Urban Settlements 1 - Urban Processes

1 Settlement

  1. Settlement is any form of human habitation, from a single house to the largest city.
  2. Classification by function
    1. Rural settlement
      1. Primary activities (e.g. agriculture) are dominant.
      2. A rural settlement has a small population size and a low population density.
    2. Urban settlement
      1. Secondary activities (e.g. manufacturing) and tertiary activities (e.g. trade) are dominant.
      2. An urban settlement has a large population size and a high population density.
  3. Classification by size

  4. Settlements can also be classified by size as hamlet, village, town, city, conurbation and megalopolis.
  5. Patterns of settlement
    1. In a dispersed settlement, the dwellings are scattered, e.g. farmhouses.
    2. In a linear settlement, the dwellings form an elongated settlement, e.g. along a road.
    3. In a nucleated settlement, the dwellings form a cluster, e.g. a walled village, at a road junction.
2 Characteristics of an urban settlement
  1. An urban settlement is mainly a built-up area.
    1. There are many tall buildings with little open space.
    2. The natural landscape is almost totally modified into a cultural landscape.
  2. Urban land use is intensive.
    1. There is keen land use competition.
    2. The land rent is the high.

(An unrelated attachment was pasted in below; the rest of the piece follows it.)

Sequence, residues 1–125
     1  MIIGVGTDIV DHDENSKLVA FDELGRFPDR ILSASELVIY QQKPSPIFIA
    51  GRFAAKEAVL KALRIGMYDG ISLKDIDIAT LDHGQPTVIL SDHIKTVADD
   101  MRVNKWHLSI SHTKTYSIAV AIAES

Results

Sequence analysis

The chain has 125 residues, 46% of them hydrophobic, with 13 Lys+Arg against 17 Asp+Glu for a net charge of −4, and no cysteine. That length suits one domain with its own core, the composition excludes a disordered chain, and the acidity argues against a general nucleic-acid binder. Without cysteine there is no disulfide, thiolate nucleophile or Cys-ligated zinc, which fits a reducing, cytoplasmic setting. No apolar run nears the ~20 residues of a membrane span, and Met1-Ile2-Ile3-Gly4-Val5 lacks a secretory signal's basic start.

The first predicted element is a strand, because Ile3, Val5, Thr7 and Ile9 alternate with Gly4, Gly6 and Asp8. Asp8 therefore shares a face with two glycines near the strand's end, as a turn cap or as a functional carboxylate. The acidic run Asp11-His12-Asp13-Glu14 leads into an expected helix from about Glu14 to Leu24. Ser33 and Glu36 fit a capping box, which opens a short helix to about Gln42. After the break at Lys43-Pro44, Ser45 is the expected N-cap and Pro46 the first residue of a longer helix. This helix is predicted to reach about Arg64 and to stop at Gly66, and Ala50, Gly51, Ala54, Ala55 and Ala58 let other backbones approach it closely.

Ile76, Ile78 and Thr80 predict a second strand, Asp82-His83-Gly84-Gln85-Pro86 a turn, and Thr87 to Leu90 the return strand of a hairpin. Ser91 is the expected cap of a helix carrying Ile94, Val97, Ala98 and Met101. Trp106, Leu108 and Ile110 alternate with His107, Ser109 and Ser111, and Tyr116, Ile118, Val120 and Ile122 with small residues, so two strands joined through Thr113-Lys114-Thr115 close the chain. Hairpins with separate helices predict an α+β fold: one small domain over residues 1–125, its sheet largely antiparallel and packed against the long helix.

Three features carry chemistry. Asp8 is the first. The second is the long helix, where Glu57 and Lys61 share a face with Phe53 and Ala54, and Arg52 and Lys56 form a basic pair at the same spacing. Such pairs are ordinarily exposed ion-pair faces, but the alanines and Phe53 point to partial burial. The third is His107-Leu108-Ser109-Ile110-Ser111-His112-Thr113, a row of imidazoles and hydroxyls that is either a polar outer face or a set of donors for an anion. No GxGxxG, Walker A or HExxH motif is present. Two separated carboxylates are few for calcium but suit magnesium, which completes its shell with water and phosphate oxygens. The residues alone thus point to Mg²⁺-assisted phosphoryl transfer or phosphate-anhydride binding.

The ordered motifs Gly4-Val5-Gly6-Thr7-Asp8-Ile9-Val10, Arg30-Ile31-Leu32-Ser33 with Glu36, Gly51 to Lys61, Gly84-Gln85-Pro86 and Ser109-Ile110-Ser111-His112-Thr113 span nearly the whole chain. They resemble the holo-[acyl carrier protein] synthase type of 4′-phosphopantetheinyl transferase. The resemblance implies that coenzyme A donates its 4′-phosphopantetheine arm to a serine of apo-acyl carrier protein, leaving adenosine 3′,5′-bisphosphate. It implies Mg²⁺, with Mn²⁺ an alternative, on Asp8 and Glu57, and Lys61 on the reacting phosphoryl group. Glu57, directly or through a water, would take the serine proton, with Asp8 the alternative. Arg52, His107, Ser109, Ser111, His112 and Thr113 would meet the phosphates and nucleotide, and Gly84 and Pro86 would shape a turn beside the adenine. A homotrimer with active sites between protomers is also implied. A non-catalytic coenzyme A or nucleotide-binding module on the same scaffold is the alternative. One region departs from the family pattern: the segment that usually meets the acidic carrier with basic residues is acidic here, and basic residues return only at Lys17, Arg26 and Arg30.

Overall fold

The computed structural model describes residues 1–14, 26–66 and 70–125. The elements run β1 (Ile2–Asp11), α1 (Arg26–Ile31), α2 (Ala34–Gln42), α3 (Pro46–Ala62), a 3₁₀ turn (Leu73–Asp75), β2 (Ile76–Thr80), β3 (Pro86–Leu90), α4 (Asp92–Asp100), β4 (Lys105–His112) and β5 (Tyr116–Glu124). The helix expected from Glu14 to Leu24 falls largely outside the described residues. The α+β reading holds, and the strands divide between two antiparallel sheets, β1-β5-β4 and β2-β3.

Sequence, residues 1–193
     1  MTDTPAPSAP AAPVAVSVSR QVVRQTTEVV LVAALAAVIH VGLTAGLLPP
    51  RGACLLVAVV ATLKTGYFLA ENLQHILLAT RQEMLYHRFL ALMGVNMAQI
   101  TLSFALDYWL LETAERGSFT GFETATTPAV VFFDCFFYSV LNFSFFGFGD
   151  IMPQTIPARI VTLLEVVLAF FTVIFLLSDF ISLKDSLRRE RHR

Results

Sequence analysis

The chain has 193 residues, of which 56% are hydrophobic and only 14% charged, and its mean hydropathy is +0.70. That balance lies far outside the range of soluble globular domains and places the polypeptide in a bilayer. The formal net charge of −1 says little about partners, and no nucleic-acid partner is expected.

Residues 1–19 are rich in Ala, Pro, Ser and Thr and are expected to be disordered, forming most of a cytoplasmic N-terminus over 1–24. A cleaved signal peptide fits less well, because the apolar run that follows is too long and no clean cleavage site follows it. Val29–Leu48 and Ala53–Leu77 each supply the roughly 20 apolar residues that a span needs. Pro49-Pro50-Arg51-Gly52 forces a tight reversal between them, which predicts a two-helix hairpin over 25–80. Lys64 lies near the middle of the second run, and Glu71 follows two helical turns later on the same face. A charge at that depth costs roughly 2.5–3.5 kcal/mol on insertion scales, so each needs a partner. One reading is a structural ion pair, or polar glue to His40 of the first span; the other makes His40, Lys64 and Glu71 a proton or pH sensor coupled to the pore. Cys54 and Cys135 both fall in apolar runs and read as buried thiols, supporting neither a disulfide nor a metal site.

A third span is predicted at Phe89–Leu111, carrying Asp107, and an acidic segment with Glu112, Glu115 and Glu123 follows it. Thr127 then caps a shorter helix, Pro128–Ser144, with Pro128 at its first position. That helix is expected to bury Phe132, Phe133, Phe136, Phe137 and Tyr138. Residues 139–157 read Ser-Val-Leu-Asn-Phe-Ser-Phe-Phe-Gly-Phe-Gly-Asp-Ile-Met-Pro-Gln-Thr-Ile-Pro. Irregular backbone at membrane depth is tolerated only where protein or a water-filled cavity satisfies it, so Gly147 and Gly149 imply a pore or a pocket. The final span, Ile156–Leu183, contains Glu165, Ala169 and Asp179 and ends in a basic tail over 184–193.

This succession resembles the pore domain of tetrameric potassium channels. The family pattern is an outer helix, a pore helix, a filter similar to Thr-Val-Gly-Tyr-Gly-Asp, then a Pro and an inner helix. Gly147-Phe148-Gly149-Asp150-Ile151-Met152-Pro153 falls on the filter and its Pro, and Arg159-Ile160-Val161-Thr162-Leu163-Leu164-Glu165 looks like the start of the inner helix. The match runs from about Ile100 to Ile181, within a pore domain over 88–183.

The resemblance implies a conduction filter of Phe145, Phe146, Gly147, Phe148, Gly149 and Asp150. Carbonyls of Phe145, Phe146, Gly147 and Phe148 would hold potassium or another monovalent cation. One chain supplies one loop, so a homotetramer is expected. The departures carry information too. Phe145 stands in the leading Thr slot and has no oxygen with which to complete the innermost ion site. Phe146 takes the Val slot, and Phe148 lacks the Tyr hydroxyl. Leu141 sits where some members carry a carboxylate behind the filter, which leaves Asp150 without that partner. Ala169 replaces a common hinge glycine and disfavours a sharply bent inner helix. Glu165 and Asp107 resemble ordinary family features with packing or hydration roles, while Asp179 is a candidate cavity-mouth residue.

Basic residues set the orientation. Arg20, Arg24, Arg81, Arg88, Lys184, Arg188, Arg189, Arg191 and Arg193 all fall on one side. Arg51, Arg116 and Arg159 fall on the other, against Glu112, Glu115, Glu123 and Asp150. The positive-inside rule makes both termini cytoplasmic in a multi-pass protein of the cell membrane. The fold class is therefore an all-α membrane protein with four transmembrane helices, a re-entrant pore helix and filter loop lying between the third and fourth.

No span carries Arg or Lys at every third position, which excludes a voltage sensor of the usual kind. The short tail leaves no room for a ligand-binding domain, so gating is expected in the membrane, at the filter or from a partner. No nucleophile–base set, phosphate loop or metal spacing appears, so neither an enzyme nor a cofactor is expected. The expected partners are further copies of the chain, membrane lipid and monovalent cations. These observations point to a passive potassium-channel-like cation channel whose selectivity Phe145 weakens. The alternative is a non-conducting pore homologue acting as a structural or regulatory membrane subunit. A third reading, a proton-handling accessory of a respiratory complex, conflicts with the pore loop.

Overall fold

3. An urban settlement has a large population size and a high population density.
  4. Urban dwellers have a higher living standard.
  5. Secondary and tertiary activities are dominant.
  6. An urban settlement performs many functions, e.g. commercial, industrial, administrative functions.
  7. An urban settlement has a hinterland which it serves and is served.
    1. The hinterland provides food and raw materials to the urban settlement.
    2. The hinterland provides a big market for the urban settlement.
3 Processes of urbanisation
  1. Urban growth is an increase in number of urban population in a country.
  2. Urbanisation is an increase in percentage of urban population in a country.
3-1 Natural increase
  1. There is urban growth when there is natural increase in the urban population.
  2. There is urbanisation when the natural increase in the urban population is greater than in the rural population.
3-2 Rural-urban migration
  1. Pull factors attract people to the cities.
    1. There are better job opportunities.
    2. There are higher income and higher living standard.
    3. There are better educational and medical facilities.
  2. Push factors drive people to leave rural areas.
    1. There is unemployment due to farm mechanisation.
    2. There are lower income and lower living standard.
    3. There are inadequate educational and medical facilities.
    4. There are inadequate farmland, crop failure and famine.
    5. There are poverty, debt and hard farm life.
3-3 Expansion of city space
  1. Vertical expansion of city space
    1. There is great demand for land at the city centre, but the supply is limited.
    2. Taller buildings accommodate the growing population.
    3. There is prestige of tall buildings.
    4. There is technological advances.
  2. Horizontal expansion of city space

  3. (see 6-1 Urban sprawl)
  4. Urban planning
    1. New town development alleviate congestion in the city centre.
    2. Improved transport network enables the city area to expand outwards.
4 Urbanisation as a phenomenon - Urbanisation operates in different ways in different places and time